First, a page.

Something missing from my memories of recess is adults. I know they were there, but they always seemed to be on the other side of the playground. If I needed them I could go get them but they did not seem to hover over us. They didn’t get involved in our games or stand next to us to make sure we didn’t get hurt. They didn’t force us to play with the kids who cheated or didn’t take turns. Recess is the one of the few times that teachers can be almost completely hands off in a safe environment for students. Students know there are adults around but they should feel free to be themselves. They should feel free to practice life skills such as kindness, fair play, and appropriate ways to converse with peers that we teach them. They should feel trusted that we won’t interfere in their time unless they need us. Recess is a 15-30 time in which they can practice being an independent person in control of their own choices. If they make a bad choice, teachers are there to help them. Recess is a safe place for students to make mistakes. Parents and teachers are not always going to be around so we have to ensure that our children are mature enough to make good decisions on their own. In the book, The Lord of the Flies, a group of young boys were left alone on an island. They were forced to create their own rules to be able to get along and survive. Students can use recess to create their own rules like they will need to do when they are adults. Granted things didn’t work out so well at by the end of book but we will be there to monitor to make sure our students are still safe.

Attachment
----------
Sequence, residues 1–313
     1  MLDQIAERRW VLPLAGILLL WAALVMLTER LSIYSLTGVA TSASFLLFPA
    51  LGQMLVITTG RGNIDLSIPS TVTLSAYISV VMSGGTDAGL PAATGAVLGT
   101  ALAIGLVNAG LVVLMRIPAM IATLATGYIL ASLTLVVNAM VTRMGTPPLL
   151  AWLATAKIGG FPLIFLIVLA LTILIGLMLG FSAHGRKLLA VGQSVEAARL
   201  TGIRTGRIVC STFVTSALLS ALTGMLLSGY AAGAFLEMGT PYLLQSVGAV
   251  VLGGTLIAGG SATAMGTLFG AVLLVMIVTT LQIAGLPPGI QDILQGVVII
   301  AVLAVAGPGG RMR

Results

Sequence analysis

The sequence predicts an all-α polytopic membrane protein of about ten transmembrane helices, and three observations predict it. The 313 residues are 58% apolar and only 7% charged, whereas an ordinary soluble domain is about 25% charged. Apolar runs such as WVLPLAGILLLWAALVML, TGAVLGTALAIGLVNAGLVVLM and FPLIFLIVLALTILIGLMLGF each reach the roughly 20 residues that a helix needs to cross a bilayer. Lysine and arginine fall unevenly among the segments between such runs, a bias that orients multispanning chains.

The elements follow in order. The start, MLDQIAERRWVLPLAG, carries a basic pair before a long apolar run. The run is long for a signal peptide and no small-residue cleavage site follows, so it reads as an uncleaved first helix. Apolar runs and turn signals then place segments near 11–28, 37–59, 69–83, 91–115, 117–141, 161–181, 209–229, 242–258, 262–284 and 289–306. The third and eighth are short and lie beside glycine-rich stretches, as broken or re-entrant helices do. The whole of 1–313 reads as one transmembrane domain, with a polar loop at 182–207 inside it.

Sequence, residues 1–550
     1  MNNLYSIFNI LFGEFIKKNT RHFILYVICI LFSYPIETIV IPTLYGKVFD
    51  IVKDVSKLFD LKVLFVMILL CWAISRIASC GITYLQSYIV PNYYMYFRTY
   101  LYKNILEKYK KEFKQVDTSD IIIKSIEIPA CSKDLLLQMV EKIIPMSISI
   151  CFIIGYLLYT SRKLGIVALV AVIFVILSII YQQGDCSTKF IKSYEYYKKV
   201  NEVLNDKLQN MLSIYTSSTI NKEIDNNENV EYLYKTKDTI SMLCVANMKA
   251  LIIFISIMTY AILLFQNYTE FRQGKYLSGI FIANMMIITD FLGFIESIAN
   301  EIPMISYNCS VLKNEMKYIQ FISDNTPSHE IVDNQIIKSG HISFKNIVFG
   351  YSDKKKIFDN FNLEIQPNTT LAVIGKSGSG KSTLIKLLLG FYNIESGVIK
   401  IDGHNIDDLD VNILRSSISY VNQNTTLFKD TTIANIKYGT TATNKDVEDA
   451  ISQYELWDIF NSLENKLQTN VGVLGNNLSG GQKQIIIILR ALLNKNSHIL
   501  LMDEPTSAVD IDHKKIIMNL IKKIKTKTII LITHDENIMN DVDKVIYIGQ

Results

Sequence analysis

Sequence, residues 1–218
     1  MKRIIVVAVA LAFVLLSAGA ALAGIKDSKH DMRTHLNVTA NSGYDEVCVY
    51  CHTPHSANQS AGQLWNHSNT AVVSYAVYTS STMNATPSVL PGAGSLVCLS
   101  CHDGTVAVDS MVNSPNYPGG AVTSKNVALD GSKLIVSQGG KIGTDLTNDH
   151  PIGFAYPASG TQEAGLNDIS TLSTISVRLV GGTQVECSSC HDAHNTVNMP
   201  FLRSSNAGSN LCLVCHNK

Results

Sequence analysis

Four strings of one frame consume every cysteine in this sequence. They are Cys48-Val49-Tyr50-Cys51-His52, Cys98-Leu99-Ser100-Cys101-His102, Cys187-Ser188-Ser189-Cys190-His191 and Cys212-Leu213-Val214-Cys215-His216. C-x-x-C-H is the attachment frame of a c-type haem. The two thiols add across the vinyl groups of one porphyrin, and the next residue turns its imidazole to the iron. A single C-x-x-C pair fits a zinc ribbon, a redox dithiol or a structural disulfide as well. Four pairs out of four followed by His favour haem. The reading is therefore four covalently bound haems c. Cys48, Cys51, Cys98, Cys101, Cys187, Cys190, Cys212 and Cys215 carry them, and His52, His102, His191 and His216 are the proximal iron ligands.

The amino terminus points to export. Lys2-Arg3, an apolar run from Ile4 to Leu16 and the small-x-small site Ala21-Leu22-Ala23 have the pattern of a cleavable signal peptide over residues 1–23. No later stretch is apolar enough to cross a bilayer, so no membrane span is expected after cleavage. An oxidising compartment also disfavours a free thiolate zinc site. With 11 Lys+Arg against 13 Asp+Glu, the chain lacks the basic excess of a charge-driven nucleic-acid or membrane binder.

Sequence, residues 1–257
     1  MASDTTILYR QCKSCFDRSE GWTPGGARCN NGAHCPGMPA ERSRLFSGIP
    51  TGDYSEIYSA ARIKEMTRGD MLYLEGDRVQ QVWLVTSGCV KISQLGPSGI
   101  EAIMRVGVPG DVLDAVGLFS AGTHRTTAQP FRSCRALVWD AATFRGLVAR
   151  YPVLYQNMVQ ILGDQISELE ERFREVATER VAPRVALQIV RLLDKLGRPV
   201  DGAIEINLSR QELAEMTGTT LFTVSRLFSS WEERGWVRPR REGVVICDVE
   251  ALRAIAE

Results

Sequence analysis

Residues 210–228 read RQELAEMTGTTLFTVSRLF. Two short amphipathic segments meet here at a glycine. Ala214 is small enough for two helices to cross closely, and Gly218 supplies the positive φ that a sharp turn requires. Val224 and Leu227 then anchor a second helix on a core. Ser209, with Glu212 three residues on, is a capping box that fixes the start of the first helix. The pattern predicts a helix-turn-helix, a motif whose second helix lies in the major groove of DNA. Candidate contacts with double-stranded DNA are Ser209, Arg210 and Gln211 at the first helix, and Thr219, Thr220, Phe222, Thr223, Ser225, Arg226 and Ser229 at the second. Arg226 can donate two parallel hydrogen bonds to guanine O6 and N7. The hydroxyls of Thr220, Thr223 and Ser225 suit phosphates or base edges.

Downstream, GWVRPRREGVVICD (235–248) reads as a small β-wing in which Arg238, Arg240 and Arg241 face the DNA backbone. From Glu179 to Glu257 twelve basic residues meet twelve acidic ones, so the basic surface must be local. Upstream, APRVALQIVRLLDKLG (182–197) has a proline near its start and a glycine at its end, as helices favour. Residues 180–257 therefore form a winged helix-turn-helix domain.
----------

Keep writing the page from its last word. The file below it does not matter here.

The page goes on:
This brings up another point with recess. Are we giving too many rules to kids? Here are some of the rules that we enforce during my duty. No fighting. No cussing. No running around the equipment. No footballs. No playing tag or any game where you have to “tag” another student. No pushing each other on the swings. No hanging from the equipment. No running up the slides.